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yurik-vardanian
    Yuri Vardanian receiving the gold medal at the 1980 Olympics in Moscow. (Image Source: RIA Novosti Archive.)

    Volume Before Intensity

    In 1992, after his own weightlifting career had finished, Yuri moved his family to the United States. His son, Norik Vardanian, began to make a name for himself in weightlifting a few years later.

    Today, Norik is the number one ranked weightlifter in the United States and is hoping to qualify for his second Olympic Games in 2016. Recently, Norik posted a training video (here) of a successful attempt to set a new personal record on the front squat as his dad watched on, coaching him.

    Here’s what he said:

    “200 kg (440 lbs) PR front squat for 5 reps. These are the only types of PR’s my dad allows me to attempt… reps. He is not a big fan of 1RM in training. He had told me years ago that his best front squat workout was when he did 200 kg for 5 reps.”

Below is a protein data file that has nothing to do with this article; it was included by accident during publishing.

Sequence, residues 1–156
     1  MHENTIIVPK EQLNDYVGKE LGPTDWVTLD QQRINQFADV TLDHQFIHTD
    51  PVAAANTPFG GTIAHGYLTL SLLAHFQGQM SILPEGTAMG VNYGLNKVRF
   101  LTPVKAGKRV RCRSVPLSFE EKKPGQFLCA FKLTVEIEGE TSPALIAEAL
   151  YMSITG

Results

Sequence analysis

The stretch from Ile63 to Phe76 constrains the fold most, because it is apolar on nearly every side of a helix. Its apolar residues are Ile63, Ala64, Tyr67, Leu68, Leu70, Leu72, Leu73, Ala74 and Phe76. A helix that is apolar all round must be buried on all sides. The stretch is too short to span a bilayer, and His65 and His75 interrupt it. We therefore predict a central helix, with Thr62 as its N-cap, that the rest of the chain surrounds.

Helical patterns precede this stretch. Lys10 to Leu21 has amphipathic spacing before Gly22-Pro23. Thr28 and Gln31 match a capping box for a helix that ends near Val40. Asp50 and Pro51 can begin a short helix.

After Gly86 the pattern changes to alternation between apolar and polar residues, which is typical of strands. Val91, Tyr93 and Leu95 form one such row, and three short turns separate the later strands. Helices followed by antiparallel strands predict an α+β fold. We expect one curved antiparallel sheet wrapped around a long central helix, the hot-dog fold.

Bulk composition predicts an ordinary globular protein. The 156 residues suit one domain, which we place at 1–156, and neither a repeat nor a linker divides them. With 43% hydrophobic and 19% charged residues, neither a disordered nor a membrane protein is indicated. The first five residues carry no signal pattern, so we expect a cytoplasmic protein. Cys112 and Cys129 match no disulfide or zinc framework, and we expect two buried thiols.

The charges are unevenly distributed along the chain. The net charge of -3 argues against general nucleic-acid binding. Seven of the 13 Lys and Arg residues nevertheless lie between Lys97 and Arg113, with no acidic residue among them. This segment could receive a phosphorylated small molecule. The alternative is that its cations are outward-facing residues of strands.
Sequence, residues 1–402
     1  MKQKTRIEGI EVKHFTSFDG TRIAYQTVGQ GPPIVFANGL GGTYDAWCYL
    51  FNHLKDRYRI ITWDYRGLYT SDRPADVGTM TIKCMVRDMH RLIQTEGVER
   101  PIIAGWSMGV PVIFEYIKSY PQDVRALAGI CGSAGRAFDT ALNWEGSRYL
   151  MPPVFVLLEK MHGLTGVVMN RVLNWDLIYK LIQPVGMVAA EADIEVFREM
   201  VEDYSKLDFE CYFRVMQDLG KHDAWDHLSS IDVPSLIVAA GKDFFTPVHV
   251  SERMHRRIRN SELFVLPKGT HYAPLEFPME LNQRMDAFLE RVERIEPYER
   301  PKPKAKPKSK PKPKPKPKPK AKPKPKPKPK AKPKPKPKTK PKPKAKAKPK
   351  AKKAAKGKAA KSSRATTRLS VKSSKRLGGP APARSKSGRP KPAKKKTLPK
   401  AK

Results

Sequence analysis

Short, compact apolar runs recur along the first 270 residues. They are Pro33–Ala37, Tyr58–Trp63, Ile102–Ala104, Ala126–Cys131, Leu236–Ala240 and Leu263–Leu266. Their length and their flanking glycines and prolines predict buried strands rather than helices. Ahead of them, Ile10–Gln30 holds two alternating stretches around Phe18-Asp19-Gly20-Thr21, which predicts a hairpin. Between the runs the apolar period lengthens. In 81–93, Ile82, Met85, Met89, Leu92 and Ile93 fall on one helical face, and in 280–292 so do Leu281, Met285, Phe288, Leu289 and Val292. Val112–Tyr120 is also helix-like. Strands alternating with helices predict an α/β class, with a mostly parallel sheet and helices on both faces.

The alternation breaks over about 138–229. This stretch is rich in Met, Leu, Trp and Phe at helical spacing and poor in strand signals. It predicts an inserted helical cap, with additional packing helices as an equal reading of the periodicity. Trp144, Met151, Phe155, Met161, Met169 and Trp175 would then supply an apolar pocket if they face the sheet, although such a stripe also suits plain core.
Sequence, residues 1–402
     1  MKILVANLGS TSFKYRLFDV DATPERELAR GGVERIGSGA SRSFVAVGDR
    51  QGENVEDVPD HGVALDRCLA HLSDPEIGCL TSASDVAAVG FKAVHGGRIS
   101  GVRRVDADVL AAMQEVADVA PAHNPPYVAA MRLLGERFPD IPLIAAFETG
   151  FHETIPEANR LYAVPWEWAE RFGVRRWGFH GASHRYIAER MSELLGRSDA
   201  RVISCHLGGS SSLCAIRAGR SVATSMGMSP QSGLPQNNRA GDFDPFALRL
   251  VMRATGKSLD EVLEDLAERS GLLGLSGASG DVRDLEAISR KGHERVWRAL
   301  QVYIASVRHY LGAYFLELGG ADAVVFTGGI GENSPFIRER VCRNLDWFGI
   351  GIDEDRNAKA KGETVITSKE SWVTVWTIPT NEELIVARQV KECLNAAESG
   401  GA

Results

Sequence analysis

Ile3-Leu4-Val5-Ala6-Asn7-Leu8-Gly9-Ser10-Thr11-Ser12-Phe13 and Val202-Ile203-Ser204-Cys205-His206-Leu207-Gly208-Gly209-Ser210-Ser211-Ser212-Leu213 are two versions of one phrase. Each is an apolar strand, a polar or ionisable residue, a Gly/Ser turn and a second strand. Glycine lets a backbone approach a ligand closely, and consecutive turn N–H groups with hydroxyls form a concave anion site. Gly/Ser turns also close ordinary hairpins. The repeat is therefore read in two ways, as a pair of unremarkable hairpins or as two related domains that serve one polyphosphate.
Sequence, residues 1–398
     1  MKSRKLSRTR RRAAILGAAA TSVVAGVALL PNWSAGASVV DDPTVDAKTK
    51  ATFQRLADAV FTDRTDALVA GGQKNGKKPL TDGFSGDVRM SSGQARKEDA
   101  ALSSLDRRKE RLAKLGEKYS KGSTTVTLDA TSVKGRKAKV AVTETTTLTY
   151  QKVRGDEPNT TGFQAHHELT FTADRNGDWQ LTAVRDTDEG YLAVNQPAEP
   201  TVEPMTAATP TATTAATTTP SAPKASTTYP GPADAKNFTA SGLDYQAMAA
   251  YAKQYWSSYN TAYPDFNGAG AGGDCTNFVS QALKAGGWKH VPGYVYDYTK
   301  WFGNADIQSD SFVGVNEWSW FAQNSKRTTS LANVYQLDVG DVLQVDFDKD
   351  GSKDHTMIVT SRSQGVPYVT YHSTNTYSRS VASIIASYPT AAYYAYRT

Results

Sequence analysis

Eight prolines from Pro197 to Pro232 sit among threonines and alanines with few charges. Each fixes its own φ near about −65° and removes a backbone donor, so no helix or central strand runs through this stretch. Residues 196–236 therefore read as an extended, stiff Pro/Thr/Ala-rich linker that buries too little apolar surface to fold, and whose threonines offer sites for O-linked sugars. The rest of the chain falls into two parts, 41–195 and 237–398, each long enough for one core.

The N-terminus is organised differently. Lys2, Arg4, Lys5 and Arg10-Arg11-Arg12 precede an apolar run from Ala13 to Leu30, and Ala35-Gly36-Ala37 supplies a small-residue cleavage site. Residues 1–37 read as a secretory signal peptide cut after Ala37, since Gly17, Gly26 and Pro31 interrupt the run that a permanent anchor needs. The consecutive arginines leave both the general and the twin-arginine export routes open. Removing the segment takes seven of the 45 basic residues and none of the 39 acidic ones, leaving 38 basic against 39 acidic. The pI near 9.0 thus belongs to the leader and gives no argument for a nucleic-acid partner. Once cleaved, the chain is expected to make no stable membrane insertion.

Pause for a moment and consider how this training approach differs from that of most people in the gym (and in many other areas of life as well).

    If the best training method for an Olympian is to focus on doing a volume of work and mastering repetition after repetition, why would it make sense for you or I to train by lifting the maximum amount of weight possible? And yet, this is often a trap we fall into.

    The problem with the “Go Big or Go Home” philosophy is that when you don’t have the underlying foundation of strength to handle the intensity of the effort, you’re just setting yourself up for failure.

    This is why I believe you should focus on volume before intensity.

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    Fast Growth Is Overrated